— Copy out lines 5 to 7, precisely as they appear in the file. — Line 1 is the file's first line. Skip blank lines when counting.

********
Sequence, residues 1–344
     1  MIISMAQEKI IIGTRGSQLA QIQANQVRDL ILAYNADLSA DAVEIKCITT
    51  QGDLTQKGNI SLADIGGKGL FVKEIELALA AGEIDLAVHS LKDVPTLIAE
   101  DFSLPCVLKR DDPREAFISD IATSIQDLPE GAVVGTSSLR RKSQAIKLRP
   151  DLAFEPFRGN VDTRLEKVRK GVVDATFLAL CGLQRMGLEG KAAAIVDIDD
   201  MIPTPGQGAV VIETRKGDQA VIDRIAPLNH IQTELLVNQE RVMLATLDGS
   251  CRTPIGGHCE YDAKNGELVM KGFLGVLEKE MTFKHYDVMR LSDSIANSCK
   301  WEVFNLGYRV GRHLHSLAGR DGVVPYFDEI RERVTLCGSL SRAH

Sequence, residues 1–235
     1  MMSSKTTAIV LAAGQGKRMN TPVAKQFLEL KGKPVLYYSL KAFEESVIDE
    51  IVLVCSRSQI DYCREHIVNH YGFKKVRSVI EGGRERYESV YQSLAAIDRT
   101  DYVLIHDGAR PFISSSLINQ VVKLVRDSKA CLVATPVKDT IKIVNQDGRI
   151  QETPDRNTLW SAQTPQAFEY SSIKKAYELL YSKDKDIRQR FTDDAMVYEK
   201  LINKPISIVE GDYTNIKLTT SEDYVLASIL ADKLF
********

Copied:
   151  DLAFEPFRGN VDTRLEKVRK GVVDATFLAL CGLQRMGLEG KAAAIVDIDD
   201  MIPTPGQGAV VIETRKGDQA VIDRIAPLNH IQTELLVNQE RVMLATLDGS
   251  CRTPIGGHCE YDAKNGELVM KGFLGVLEKE MTFKHYDVMR LSDSIANSCK